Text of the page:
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Unemployment Information

Fraudulent Benefits

Please see the update below from the Employment Security Department. Information from the ESD is changing quickly – we’ll keep you updated!

We have been notified that school districts across our state have been the target of fraudulent filings of unemployment benefits. Should you receive any notice from the Washington State Employment Security Department (ESD) that someone has applied for benefits using your information, or a notice regarding the Self-Employment Assistance Program (SEAP) and you did not initiate a claim, please immediately report to the ESD at and follow these steps as required by the ESD:

ESD Fraud Reporting Form

The following information is needed:

  • Your full name
  • Last 4 numbers of your Social Security number (never put your full SSN in an email)
  • Your address
  • Your date of birth
  • Brief description of how you found out an imposter-fraud claim was filed using your information
  • Please confirm: If an impostor-fraud claim was filed using your information, do you give ESD permission to deny and cancel it?

Step 2: Send an email to Shanna Cook, Executive Assistant, at In the subject of the email add Fraudulent Claim.

Include the following information in the email:

  •  Your full name
  • Last 4 numbers of your Social Security number (never put your full SSN in an email)
  • Email address
  • Your date of birth
  • Please confirm: If an impostor-fraud claim was filed using your information, do you give ESD permission to deny and cancel it?

In addition to the above, it is recommended you take these additional steps:

Step 3: File a Police Report

  • File an online or non-emergency report with the law enforcement agency who has jurisdiction over your home residence.
  • Start keeping a file folder or journal with the information from this incident, including any case numbers you are given. Some government services and accommodations are available to victims of identify theft that  are not available to the general public, such as getting certain public records sealed.

Step 4. Contact Major Credit Bureaus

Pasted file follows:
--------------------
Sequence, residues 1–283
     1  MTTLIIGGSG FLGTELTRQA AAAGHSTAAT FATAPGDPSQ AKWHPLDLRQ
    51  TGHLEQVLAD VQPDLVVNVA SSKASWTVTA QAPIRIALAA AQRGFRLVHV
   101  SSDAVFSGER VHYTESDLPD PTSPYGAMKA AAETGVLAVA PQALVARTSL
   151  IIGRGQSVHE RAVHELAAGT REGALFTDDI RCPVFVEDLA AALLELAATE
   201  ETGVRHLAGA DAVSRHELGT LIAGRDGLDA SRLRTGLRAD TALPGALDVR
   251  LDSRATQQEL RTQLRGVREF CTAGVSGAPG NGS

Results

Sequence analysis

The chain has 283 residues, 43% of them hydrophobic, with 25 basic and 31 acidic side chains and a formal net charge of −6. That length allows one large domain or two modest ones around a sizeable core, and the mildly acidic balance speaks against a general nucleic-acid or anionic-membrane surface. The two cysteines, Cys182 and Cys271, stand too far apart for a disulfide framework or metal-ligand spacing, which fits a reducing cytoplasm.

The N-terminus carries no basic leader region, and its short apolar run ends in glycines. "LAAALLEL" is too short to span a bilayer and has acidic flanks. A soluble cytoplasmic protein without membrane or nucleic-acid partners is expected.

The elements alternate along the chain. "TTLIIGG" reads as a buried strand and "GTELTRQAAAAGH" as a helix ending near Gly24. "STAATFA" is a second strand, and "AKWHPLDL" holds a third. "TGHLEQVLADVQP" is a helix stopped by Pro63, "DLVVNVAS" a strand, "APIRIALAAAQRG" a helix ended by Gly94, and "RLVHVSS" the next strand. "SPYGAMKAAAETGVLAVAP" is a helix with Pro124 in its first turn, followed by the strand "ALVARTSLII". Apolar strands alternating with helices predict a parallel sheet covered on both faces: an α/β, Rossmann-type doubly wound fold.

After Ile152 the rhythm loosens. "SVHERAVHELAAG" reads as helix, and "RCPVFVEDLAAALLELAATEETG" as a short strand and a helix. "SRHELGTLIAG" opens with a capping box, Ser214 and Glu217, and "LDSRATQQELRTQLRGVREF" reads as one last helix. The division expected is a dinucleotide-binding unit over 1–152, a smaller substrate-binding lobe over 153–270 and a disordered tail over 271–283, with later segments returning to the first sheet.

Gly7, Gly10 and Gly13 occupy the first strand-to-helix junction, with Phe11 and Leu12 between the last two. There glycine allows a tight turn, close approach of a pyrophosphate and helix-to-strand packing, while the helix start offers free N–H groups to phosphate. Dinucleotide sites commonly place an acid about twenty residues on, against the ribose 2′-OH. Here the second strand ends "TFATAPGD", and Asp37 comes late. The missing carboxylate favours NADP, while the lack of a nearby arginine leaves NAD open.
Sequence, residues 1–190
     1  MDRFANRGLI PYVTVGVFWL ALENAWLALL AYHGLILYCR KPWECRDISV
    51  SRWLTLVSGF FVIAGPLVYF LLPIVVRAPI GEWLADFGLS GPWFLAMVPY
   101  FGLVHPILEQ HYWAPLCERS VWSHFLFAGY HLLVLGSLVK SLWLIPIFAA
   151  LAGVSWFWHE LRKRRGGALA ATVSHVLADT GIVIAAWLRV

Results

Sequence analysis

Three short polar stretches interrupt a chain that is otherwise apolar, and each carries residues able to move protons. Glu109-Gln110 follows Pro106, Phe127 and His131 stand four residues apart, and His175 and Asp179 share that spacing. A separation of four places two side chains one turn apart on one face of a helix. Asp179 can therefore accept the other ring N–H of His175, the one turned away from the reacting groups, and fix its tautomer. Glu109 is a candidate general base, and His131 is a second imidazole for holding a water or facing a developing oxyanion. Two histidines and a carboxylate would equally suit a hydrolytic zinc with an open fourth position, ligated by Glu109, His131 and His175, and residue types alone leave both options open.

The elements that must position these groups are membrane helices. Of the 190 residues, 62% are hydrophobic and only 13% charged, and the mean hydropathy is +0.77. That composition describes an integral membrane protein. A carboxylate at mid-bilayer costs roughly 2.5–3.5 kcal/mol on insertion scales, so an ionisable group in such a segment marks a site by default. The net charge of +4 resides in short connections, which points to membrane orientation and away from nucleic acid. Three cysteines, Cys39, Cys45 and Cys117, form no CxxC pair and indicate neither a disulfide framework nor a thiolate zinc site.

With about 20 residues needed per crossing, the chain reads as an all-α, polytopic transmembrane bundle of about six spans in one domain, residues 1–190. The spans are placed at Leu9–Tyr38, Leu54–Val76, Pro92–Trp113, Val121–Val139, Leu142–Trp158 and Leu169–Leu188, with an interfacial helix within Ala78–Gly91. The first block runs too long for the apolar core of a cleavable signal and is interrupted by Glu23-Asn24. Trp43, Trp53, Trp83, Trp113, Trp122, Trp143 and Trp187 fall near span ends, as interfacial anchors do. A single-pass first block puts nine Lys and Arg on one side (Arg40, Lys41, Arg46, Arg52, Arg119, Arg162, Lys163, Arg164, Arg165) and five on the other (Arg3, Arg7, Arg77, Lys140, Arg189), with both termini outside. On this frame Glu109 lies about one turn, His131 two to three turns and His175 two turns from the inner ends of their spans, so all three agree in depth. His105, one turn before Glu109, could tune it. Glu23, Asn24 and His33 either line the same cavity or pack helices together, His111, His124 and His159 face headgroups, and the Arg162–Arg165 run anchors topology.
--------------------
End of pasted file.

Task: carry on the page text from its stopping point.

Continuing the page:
• Obtain your free credit report from Equifax, Experian, and TransUnion at Annual Credit Report or by calling 1-877-322-8228.
  • Report to the credit bureaus that the fraudulent claim was made using your identity and provide them with the case number from your police report. You can have a fraud alert put on your identity or freeze your credit. Doing either is free by law.
  • A fraud alert is free and will make it harder for someone to open new accounts in your name. To place a fraud alert, contact one of the three credit bureaus.
    • Experian: 1-888-397-3742
    • TransUnion: 1-800-680-7289
    • Equifax: 1-888-766-0008
  • Check your credit activity at least once a year. As a victim of identity-theft you have the right to check it monthly if you choose.
  • Credit Freeze - If you do not have upcoming large purchases, such as a home, you may want to freeze your credit for additional protection. It is free and you can do it yourself. More information about credit freezes can be found at

Step 5. Contact the FTC and IRS

  • File a short report with the Federal Trade Commission (FTC) and give them the case number for your local police report.
  • Consider setting up an IRS account. If you create an account with your Social Security number, it will better prevent criminals from creating an account using your identity.
  • Another option is to lock your Social Security number at

All of this reporting may seem redundant, but it helps ensure you are identified as a victim by local, state and federal government.

Step 6. Keep Your Notes

  • Maintain any notes, copies of emails, etc. This is the paper trail that you can reference if you face any identity issues or locate inaccuracies on your credit history sometime in the future.

For those who are not yet victims of a fraudulent claim, the ESD is recommending that those employees create a personal Secure Access Washington (SAW) account and connect it to the Employment Security Department - Instructions Here.

SAW is a portal to access several different types of state resources, one of which being Employment Security (ESD). This can be used to check previous quarterly wages as well as file for unemployment compensation. By doing so, an individual’s social security or identification number is connected to a login and no one else can log in with that number.  

Should you find that your social security number is connected to an unknown email address or an account and you did not file for benefits, it is possible there is a fraudulent claim in your name. Please follow steps 1-6 above.

If you have any questions or concerns, please contact Shanna Cook, Executive Assistant, at